The fourth criteria considered by WRA during tariff approval proposed by utilities relays also to the issues for a good management of water resources. In order to preserve the water resources from over-consumption it needs to discourage the consumers to consume water more than normal norms.

On this purpose WRA gives the possibility to the utilities to propose applying to the  customers the” tariffs on block”, according to the principle that up to a certain usage norm (e.g. 150 liters/day, person) consumers must pay normal rates. Beyond this threshold, consumers have to higher tariff, as shown in the table of Article 19, Point 6 of the methodology, here below:

Client CategoryHouseholdPublicPrivate
Multiplication Coefficient Price for 1 m3 waterConsumption (m3/month)Consumption (m3/month)Consumption (m3/month)
1.0until 18Historical average of Final Year (MH)Last Year Historical Average (MH)
1.0 to 3.018 to 30Up to 3 times the MHUp to 3 times the MH
1.5 to 4.0over 30Over 3 times the MHOver 3 times the MH

Regarding the “polluter pays” criterion, if the service area of the utility is situated a WWTP, for the related customers is applied the above criteria because their monthly bill includes the operating costs of the treatment plants, while for service areas that are not covered WWTP, this principle remains to be respected in the future.

However, WRA, in the tariff approval methodology in article 19, point 7 provides that for customers who are causing high level of pollution, the utility can propose special tariffs in accordance with the implementation of the “polluter pays” principle, but this argument in the future should be developed in more details and by additional sub-acts.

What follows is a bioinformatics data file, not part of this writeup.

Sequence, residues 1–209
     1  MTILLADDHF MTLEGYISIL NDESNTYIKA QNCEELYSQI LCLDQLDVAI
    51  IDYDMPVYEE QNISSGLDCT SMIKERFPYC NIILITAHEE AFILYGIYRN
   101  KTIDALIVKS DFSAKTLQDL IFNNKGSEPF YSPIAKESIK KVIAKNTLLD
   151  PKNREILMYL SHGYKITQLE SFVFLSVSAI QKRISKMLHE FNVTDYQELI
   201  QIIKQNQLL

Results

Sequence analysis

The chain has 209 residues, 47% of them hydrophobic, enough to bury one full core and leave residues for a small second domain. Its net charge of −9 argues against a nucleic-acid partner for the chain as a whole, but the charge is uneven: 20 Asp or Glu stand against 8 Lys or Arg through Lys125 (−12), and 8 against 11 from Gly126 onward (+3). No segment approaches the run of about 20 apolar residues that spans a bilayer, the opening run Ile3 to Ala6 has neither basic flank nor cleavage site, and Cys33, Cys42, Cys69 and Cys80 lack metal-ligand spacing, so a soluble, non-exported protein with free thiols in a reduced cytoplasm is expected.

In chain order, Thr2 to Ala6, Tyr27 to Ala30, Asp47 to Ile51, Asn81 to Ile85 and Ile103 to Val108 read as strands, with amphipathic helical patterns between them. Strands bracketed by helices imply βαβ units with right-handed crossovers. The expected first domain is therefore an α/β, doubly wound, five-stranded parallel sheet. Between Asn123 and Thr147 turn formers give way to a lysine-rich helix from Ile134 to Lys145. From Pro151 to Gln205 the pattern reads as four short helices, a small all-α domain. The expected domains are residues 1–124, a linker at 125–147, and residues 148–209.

• The tariff costs of Water Use License for utilities in the monthly household bill, are relatively low, so there is possibility for raising them in order that the institutions responsible for managing water basins have sufficient budgetary resources to fulfill their legal tasks and develop their activities effectively.
  • Referring to the criteria in the tariff setting methodology, WRA does not directly impose utilities to apply for tariffs that can cover all costs in respect of the principle of Cost Recovery.
  • The proposal for new tariffs is an exclusive right of utilities prepared by the management staff of the utility, approved by the relevant Supervisory Board and accompanied by the opinion of the shareholders.
  • In the W&WS Sector the implementation of  Cost Recovery principle of by regional utilities,  is strongly supported and encouraged by WRA, but the central government has the main role in its full implementation. The central government, as the main shareholder of regional utilities, decides what tariffs Regional Utilities will propose to WRA for approval.
  • The increase from the government of Water Usage (extraction right) tariffs for utilities will encourage them to improve the NRW indicator.
  • To improve the NRW indicator utilities should consider implementing “block tariffs” that discourage excessive water consumption, particularly from the consumers in rural areas and non-family households.
  • The reform in the W&WS sector is expected to have a sector financially sustainable in medium terms, which enables WRA to update the current methodology by defining cost recovery as a mandatory condition for the utilities in applications for new tariffs.
  • Referred to the Decision of Ministers’ Council no. 302 of the year 2022, as the basic legal act of implementation of the aggregation reform in the sector, it is supposed that the W&WS sector will be self-financed  for a maximum term of 10 years. The current commitment of the stakeholders in the reform implementation, makes optimistic that situation where the coverage of all costs by the tariffs within the sector is expected to be reached before the deadline, ensuring a full implementation of the Cost Recovery principle.